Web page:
It will have a capacity of 70 MW and will constitute the feasibility test for the construction of 9 other similar plants. The United States is funding it.
The world’s first cocoa waste plant will be built in Côte d’Ivoire, Côte d’Ivoire. The plant will use biomass waste from the processing of seeds and fruits from the cocoa plantation, of which the African country is one of the world’s leading producers.
The government itself announced that the initiative, with an investment of $ 273 million, would have received final approval. Yapi Ogou, director of the New Energies Company (Soden) responsible for the project, drew up the plan: the objective is to build and commission a 60 to 70 MW power plant by 2023, which will serve as a test for further electrical development in this direction. If the project works as planned, the country could build 9 more power plants fueled by cocoa waste.
Why this police? Because the country, along with Ghana, has more than half of the world’s cocoa production thanks to intensive cultivation that often comes at the expense of forest and animal health.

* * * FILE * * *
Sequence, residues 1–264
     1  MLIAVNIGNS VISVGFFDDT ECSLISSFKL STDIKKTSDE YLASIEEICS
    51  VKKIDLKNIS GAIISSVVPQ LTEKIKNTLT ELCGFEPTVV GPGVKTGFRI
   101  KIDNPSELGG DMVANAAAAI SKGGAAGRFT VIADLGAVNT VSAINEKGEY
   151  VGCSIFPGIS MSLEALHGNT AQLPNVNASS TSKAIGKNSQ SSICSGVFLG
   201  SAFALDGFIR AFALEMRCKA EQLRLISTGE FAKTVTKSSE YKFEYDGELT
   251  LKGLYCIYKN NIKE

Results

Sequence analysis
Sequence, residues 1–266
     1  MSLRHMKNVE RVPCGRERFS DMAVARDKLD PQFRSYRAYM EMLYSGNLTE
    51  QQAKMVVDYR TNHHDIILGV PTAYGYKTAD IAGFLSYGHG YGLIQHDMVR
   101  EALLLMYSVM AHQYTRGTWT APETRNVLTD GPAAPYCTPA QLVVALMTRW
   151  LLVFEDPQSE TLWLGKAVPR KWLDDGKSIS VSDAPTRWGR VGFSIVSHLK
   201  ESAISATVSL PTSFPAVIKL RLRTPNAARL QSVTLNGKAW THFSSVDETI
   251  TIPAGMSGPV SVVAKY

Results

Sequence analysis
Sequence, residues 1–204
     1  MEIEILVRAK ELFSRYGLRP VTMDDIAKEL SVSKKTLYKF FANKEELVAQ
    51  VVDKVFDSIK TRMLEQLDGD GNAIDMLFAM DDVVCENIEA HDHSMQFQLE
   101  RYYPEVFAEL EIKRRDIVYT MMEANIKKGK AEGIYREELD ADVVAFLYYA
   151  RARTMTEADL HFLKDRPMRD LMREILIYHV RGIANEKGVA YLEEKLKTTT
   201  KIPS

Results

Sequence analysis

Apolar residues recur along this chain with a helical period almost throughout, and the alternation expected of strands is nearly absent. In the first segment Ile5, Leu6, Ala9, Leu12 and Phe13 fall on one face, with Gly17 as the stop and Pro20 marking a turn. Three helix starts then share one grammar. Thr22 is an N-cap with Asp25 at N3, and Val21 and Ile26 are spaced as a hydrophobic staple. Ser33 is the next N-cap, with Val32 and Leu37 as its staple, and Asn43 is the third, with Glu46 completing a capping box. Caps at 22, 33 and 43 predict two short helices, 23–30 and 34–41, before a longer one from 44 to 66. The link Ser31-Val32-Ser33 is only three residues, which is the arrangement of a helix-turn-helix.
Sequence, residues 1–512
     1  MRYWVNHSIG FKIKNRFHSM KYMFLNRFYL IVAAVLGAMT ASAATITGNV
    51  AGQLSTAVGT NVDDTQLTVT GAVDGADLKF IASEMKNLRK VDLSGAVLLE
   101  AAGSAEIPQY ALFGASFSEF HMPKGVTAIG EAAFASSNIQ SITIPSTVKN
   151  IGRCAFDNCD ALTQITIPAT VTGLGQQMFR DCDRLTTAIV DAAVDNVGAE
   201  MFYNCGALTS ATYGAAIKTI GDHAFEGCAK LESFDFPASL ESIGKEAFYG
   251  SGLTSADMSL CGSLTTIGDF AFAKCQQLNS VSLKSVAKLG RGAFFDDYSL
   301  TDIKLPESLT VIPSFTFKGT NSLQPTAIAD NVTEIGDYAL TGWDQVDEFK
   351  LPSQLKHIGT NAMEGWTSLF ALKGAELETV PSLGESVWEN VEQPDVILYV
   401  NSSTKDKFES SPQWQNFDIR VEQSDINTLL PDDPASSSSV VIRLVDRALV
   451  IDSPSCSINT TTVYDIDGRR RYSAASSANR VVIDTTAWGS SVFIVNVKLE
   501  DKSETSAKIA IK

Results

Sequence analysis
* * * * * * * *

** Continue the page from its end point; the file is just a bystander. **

Côte d’Ivoire currently produces around 2 million tonnes of cocoa per year, which also means millions of tonnes of pods discarded after the beans are extracted and left to rot or burn. The use of this biomass is part of the government project aimed at achieving the national objective which sets the biomass power to be installed on its territory at 424 MW in 2030.
Unlike many countries in sub-Saharan Africa, the country has a reliable source of energy and currently exports electricity to Ghana, Burkina Faso, Benin and Togo. However, rapid economic growth is putting pressure on supply, forcing the country to prepare for growing future demand.
As the United States Embassy in Abidjan explained, the new cocoa factory is one of five projects selected to receive grants from the United States Agency for Trade and Development (USTDA), which has already funded feasibility studies for the plant with nearly $ 1 million.